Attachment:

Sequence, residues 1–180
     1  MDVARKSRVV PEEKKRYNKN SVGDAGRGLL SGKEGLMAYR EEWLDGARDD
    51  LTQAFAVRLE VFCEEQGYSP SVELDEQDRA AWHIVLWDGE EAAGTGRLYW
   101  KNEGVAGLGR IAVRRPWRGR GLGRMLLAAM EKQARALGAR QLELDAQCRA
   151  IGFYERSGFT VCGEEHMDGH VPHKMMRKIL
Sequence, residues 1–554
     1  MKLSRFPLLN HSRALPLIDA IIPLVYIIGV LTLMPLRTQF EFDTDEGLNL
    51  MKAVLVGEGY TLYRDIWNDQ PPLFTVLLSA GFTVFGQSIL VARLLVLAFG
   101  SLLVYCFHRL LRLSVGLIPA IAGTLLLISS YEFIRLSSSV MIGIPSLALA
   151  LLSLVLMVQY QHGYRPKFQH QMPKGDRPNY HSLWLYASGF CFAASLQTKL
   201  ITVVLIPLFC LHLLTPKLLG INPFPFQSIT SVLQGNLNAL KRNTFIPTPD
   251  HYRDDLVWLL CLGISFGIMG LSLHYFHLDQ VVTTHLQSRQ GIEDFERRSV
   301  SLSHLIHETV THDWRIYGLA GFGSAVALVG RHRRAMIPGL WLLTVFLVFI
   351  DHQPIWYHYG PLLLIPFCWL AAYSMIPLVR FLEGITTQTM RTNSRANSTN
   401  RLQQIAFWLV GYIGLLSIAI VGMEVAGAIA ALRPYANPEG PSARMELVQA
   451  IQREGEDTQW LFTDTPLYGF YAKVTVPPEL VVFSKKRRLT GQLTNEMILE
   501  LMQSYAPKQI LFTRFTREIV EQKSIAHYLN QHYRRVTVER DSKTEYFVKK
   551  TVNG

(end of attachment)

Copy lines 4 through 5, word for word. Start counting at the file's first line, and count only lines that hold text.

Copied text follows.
   101  KNEGVAGLGR IAVRRPWRGR GLGRMLLAAM EKQARALGAR QLELDAQCRA
   151  IGFYERSGFT VCGEEHMDGH VPHKMMRKIL